DURHAM: Chief Lopez defends police action at march - WSLS 10 NBC in Roanoke/Lynchburg Va

Durham chief defends police action; family says questions remain

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Durham Police on Thursday, Dec. 19 Durham Police on Thursday, Dec. 19
Jesus Huerta's family speaks to the media Jesus Huerta's family speaks to the media
Durham Police Chief Jose Lopez defended his department's response to a protest held in the city Thursday night in a news conference held Friday morning, and his comments brought a blistering response from Huerta's family later in the day.

Lopez said a review by the State Bureau of Investigation showed that 17-year-old Jesus Huerta, who died in police custody in November, had gun shot residue on gloves he was wearing at the time. Officer Samuel Duncan was transporting Huerta in a police cruiser when a gun went off.

Lopez had previously said Huerta was handcuffed from behind at the time. Lopez had said Huerta had been searched, and police were not sure how he had a weapon.

Huerta's family held a news conference at Durham City Hall. Huerta's sister, Evelin Huerta, had harsh words for Lopez and the Durham Police, saying, "We don't trust Chief Lopez. We don't trust the police at this moment."

"My brother's death is still a mystery," she said. "Every time Chief Lopez says something it brings out more questions."

She said Jesus was a "great uncle to our kids. There was no day she would not come out with a smile."

Another family member repeated a concern from the family, which is how Jesus Huerta got a gun in the back of the car.

"Nobody deserves to die in the back seat of a police car," the family spokeswoman said.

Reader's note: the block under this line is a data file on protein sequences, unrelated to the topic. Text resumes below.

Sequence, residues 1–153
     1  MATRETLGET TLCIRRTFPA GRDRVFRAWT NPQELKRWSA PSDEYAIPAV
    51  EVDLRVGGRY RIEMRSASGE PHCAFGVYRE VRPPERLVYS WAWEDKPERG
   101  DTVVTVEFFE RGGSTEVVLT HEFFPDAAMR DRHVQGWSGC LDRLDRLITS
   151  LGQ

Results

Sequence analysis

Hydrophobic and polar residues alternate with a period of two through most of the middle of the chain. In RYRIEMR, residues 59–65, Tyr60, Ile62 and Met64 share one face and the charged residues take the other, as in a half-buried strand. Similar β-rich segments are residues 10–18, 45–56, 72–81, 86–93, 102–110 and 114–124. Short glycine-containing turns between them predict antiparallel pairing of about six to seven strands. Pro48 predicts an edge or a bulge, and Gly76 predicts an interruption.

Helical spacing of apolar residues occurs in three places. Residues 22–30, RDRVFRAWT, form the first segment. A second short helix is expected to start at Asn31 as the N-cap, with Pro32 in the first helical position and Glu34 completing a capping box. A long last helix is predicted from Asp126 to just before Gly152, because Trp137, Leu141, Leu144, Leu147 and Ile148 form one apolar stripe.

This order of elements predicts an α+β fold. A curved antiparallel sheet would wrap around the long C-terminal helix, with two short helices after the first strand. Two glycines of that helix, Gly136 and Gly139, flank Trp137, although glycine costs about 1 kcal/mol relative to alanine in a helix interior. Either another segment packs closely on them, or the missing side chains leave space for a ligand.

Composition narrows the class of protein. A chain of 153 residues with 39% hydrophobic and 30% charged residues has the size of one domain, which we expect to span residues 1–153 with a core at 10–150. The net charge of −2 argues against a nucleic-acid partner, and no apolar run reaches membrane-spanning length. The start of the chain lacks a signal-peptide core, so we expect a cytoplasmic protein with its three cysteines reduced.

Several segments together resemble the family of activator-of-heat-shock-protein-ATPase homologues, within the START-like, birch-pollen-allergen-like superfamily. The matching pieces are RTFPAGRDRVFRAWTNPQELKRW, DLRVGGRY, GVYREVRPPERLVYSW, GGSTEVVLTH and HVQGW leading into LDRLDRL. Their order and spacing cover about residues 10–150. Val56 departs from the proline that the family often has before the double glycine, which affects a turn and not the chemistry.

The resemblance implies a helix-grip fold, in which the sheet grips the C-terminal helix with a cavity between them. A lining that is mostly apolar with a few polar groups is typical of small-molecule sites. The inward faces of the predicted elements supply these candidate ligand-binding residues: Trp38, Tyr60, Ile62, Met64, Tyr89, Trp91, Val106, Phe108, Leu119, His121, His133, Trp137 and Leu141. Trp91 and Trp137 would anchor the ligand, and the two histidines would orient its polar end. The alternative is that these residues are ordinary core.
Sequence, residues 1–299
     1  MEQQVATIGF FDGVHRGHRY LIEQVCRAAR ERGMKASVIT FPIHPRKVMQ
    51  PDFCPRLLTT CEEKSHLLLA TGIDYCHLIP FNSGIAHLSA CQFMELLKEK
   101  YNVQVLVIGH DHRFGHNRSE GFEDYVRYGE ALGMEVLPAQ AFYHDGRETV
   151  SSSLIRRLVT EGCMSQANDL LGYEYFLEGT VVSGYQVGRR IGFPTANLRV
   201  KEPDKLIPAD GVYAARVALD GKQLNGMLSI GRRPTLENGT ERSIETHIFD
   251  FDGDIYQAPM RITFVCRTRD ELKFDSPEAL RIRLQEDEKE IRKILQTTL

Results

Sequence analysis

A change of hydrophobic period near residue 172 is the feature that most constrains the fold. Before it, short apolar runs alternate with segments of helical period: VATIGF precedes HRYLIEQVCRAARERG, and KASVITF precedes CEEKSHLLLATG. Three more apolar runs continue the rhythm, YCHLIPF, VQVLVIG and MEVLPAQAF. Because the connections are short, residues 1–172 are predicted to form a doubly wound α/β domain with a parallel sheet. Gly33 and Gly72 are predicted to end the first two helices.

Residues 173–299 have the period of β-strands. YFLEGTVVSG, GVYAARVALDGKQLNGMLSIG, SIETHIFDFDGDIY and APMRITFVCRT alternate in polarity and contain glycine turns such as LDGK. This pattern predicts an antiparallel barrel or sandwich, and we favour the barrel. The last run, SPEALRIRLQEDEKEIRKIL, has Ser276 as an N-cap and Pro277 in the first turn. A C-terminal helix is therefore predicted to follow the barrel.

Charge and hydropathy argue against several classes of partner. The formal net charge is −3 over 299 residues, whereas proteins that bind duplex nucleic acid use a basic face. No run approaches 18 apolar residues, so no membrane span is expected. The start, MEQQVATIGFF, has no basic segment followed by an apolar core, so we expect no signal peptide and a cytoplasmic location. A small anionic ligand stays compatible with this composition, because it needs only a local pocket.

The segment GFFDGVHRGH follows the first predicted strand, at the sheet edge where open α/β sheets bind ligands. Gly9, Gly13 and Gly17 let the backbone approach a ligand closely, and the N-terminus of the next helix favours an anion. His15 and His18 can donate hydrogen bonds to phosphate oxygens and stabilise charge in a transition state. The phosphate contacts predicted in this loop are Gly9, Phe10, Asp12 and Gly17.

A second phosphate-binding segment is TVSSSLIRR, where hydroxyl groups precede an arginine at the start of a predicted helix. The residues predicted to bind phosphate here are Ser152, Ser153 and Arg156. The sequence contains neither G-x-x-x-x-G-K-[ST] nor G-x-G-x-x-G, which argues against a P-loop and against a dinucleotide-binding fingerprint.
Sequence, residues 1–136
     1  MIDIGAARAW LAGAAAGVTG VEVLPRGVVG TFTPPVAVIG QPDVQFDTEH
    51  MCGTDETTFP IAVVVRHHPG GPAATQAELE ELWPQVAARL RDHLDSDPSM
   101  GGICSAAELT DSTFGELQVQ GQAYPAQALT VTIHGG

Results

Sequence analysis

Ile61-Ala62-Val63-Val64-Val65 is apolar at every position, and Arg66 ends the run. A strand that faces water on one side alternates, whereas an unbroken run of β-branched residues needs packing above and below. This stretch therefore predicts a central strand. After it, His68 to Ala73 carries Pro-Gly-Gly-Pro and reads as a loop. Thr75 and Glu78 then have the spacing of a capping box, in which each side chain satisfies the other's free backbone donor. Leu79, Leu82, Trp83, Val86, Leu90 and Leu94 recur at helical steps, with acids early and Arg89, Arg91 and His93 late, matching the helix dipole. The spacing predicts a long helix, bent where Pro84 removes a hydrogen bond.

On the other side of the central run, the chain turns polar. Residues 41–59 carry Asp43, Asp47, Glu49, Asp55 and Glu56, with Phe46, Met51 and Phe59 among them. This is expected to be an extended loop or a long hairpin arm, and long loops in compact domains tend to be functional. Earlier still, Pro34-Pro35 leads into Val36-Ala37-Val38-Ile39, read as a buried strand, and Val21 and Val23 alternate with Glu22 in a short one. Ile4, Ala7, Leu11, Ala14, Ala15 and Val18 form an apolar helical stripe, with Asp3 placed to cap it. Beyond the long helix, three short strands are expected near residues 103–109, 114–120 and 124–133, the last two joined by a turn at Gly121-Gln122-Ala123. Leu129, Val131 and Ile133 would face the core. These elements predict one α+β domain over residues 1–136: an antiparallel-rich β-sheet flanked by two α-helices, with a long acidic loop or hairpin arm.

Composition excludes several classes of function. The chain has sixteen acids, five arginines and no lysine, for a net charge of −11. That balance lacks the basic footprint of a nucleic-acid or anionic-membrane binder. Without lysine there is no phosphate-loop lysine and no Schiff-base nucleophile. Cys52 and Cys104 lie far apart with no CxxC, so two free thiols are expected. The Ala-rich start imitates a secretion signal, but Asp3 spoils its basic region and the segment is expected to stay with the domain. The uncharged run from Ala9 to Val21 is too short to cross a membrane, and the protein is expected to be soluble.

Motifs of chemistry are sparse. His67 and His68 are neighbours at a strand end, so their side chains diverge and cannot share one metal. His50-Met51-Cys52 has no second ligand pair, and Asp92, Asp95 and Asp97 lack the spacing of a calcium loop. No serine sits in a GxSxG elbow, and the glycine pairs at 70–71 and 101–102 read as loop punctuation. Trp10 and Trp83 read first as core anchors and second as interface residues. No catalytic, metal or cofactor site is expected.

Other speakers at the press conference questioned the use of force on Thursday night. Community activist Serena Sebring, for example, talked about how the police had a strong show of force and emphasized, "They gassed us all."

The family said "no comment" when asked what they wanted from Lopez. But in a statement, the sister called for Lopez to resign.

"The actions of the Durham Police Department last night, led by Chief Lopez, were a tried and true tactic to intimidate and spread fear in our community," she said in the statement. "The Durham Police cannot be trusted to investigate my brother's death, and we need a federal investigation. We call on Chief Lopez to resign immediately in light of his leadership that put dozens of armed police on the streets to scare residents and turned a memorial vigil into a war zone last night."

On Friday, Lopez said an SBI report exonerated his officer by saying that the investigation did not show gun residue on the hand of the Durham police officer but there was gun residue on the glove of Huerta, indicating that Huerta had used a firearm.

Lopez said Huerta's glove "had a saturation of gun shot residue." He said the SBI investigation showed Duncan did not have any gun shot residue on his hands.

Lopez said he wasn't sure why Huerta was wearing gloves, and that Durham Police "don't necessarily take off apparel unless we think it presents a danger."

Exactly how Huerta died is an issue that has galvanized many in the Durham community, with Huerta's family asking for more answers.

Lopez said the Durham Police tried to reach out to the Huerta family before Thursday's event but was unsuccessful. The protest that followed Thursday night had a sharp edge to it, and